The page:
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Bengal farmers to get Rs 5,000 an acre, and Rs 2 lakh for death

The election-year move in the backdrop of distress in India's farm sector will cost the bankrupt exchequer Rs 7,000cr a year
Chief Minister Mamata Banerjee at Nabanna on Monday.

Our Special Correspondent   |   Calcutta   |   Published 31.12.18, 09:09 PM

The Mamata Banerjee government has announced two new schemes for farmers — one to give Rs 5,000 per an acre annually and another to grant Rs 2 lakh to the family of a cultivator or a farm labourer if he or she dies between 18 and 60.

The schemes for around 72 lakh farmers in Bengal are apparently to woo them ahead of the 2019 Lok Sabha polls after Opposition parties launched agitation demanding proper price for agricultural produce.

“We are happy to announce two new schemes for farmers. This will be a New Year gift for them from the state government. The schemes will be in place from January 1, 2019. Farmers will be able to apply for schemes from February, 2019,” the chief minister said after holding a meeting with top government officials at Nabanna on Monday.

Under the schemes, a farmer will get Rs 5,000 for an acre annually for cultivation. Besides, the next of kin of a farmer or a agriculture labourer in the age group of 18-60 years will get Rs 2 lakh in case of his/her death, irrespective of reasons behind the death.

Sources at Nabanna said the schemes — launched in the backdrop of farmers’ movements across Bengal and several rallies by the CPM in the state — would put an additional burden of Rs 7,000 crore on the struggling state exchequer.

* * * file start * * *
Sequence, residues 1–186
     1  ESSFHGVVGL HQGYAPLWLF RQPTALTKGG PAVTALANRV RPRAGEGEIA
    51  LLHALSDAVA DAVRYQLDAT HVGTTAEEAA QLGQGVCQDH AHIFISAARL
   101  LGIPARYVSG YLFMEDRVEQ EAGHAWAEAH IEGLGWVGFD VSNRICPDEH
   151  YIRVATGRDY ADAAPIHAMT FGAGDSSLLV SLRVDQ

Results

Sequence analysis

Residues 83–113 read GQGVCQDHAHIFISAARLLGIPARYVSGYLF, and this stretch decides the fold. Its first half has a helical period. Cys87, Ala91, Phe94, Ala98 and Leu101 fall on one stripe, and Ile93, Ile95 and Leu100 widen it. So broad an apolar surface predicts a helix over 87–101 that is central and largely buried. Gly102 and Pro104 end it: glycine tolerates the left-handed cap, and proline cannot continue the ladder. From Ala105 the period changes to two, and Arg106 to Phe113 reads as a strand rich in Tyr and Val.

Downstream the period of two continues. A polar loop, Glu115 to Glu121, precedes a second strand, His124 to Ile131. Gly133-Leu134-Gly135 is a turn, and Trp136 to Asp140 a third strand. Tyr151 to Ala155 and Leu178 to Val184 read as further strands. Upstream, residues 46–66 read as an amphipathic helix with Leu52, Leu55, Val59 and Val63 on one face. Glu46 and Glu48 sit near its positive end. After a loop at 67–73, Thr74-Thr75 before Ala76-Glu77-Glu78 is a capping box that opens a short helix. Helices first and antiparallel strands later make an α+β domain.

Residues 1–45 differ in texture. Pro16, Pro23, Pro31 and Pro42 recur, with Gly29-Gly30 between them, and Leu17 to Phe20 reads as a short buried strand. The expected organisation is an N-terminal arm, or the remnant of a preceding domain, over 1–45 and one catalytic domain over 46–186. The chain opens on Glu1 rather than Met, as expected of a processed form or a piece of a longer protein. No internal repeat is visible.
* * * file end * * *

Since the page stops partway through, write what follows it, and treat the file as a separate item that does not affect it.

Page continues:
“The schemes will require a few thousand crores of rupees. We will try to arrange funds for the schemes by reducing expenditure elsewhere,” said the chief minister.

Sources in the agriculture department said the new schemes revealed that there were areas in the agriculture sector where the government interventions still lacked.

“The scheme to give financial assistance to farmers makes it clear that majority of them don’t get bank loans despite the government’s repeated attempts. It is also clear that though more than 40 lakh kisan credit cards were issued in the past few years, it could help only a section of farmers,” said a senior government official.

Sources in Trinamul said Mamata had received feedback that farmers were in trouble as the market price of paddy had fallen to about Rs 1,400 a quintal. The price was nearly Rs 1,500 a quintal during winter last year.

“The way farmers participated in rallies held by the CPM demanding proper price for their produce in some districts can be a cause of concern for any ruling party ahead of the 2019 Lok Sabha polls. Moreover, results of the recent Assembly polls in Chhattisgarh, Madhya Pradesh and Rajasthan hinted that farmers were unhappy with the ruling BJP at the Centre. We cannot take any risk,” said a minister.

Asked whether the schemes were linked to the Lok Sabha polls, Mamata said: “Farmers across the country have grievances. We try to help them in Bengal and that’s why their income had increased three times in the past seven years. If the new schemes bring smile to their faces, we will be happy.”

A section of officials in the finance department expressed concern over the additional burden on the state exchequer.

“We are finding it difficult to meet the income expenditure gap as we have to spend Rs 48,000 crore this year to repay loans. The additional burden will leave us in trouble as we have to spend Rs 53,000 crore in the next financial year to repay loans. There is little chance to increase our revenue significantly as no new tax will be allowed to be levied ahead of the polls,” said a finance department official.

Although Mamata said the government would try to reduce expenditure elsewhere, sources at Nabanna said it was easier said than done.

“All schemes like giving cheap grains to nearly 8 crore people and grant to clubs, which require huge money, will not be allowed to be withdrawn as they are the chief minister’s pet schemes. So, arranging a sum of nearly Rs 7,000 crore will not be an easy task,” said an official.

Sources said the government should have tried to ensure that farmers got loans from banks and cooperative societies and laid stress on securing proper price for farmers’ produce as an alternative.

“This could have saved the state exchequer from the additional burden,” said a source.


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